Gus Schellekens,
Director, Sustainability
& Climate Change,
Potsdam, Germany --- (METERING.COM) --- April 1, 2010 - The opportunity exists to power Europe and North Africa exclusively by renewable electricity by 2050, if supported by single European and North African regional power markets, and these in turn are underpinned by a “super smart grid.”

This is a finding in a new study from PricewaterhouseCoopers LLP in collaboration with the Potsdam Institute for Climate Impact Research, the International Institute for Applied Systems Analysis and the European Climate Forum, which presents a policy roadmap towards a 2050 goal of achieving a 100 percent renewable power sector in Europe and North Africa.

The combination of increased demand for electricity and security of supply is a very powerful driver of major power sector in changes in Europe and worldwide, while climate change also poses a global threat, says the study. The import of renewable power from North Africa is key to the vision to ensure market competitiveness under the land constraints faced by Europe.

To achieve this vision the grids of North Africa and Europe must be strongly interconnected. This would be achieved through the reinforcement of the high voltage AC grid, a pan-European, cross Mediterranean overlay high voltage DC super grid, and the introduction of smart technologies and a smart grid, which together comprise the “SuperSmart Grid.”

Further, the electricity supply system of North Africa and Europe in 2050 would be 100 percent renewable, following a continuous and steady transformation of the power system in parallel with sustained growth in demand. This renewable power mix would be geographically optimized with production at the most suitable sites across the two regions, and also the North African and European energy policies would be aligned and cooperative and the two power markets unified and united, allowing for free trading of electricity between all countries.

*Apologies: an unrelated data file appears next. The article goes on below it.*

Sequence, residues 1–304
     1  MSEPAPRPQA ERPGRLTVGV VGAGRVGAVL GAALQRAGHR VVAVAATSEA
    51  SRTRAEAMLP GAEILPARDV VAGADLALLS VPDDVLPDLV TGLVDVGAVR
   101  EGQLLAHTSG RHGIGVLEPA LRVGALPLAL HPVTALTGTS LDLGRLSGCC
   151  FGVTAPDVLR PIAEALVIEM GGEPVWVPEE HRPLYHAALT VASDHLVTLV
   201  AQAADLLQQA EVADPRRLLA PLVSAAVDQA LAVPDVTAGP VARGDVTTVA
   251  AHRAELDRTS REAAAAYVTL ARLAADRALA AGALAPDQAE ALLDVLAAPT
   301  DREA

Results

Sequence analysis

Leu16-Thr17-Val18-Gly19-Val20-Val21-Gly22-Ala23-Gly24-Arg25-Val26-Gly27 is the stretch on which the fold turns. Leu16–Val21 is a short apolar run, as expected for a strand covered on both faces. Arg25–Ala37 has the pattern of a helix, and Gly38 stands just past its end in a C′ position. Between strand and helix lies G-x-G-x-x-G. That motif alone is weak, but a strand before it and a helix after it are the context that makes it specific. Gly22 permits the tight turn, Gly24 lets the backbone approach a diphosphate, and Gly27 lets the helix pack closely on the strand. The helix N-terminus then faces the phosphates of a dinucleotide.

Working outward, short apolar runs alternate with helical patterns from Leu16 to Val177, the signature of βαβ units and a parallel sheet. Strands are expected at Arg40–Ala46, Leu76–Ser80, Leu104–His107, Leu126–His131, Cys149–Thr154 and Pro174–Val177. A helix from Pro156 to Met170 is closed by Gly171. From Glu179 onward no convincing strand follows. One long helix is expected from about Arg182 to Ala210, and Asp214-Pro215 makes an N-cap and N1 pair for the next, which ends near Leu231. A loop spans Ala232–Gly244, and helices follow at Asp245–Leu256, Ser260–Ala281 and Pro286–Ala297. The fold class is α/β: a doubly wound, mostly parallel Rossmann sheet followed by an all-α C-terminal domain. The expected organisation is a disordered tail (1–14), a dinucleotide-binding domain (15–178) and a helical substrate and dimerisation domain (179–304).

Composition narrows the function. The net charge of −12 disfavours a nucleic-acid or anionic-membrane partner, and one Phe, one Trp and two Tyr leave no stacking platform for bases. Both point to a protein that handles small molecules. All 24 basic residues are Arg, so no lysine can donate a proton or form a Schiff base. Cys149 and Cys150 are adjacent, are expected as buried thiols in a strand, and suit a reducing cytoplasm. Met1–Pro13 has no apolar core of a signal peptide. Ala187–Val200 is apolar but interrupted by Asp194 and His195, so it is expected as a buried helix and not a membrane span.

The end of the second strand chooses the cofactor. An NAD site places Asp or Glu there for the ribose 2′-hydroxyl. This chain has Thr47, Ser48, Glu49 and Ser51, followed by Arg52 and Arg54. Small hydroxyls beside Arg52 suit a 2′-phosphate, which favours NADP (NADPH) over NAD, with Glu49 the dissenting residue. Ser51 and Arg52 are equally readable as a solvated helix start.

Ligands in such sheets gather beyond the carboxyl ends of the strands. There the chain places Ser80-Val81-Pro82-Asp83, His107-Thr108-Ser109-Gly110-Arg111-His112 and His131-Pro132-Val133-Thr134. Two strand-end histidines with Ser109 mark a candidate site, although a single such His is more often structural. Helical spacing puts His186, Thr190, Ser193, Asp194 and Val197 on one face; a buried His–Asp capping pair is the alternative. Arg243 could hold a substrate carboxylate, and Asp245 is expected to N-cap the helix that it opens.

Envisaged natural resources include the vast concentrating solar potential of southern Europe and the arid deserts of North Africa, the hydro capability of Scandinavia and the European alps, onshore and offshore wind farms in the Baltic and North Sea, the continent’s ocean tidal and wave power, and biomass generation across Europe.

“Europe and other parts of the world are arriving at a crossroads where we have the choice and ability to achieve renewable power at scale,” said Gus Schellekens, director, sustainability and climate change, PricewaterhouseCoopers LLP. “Opportunities to use clean and affordable natural sources of electricity have been flirted with over the past 150 years. This study lays out a clear framework of how this time could be different.”

Currently, the European power system is dominated by fossil fuel and nuclear, with only 15 percent of the power supply from renewable electricity dominated by old hydro power stations, with expansion of other options including onshore wind, and biomass modest at best to date. Despite this, the technological capability for developing renewable forms of power generation is already in place, or emerging and envisaged, and the economics of the key technologies is improving, albeit in a difficult financing environment.

The study says that a renewables powered Europe would change the landscape for consumers and business. Electro-mobility could be introduced on a mass scale, leading to day-to-day transport of people and goods without the CO2 penalty associated with fossil fuel. In North African countries, the provision of reliable and potentially unlimited solar electricity could provide the basis for substantial social and economic development across the region.

In addition by 2050, with renewable technologies deployed at scale across Europe and North Africa, significant cost reductions would make the renewable power sector a major employer of skilled workers in both Europe and North Africa, and cost competitive, providing affordable electricity across the region. Developing a strong cooperation for large scale renewables will also decrease dependency from energy imports and develop strong interdependencies between Europe and its neighbors.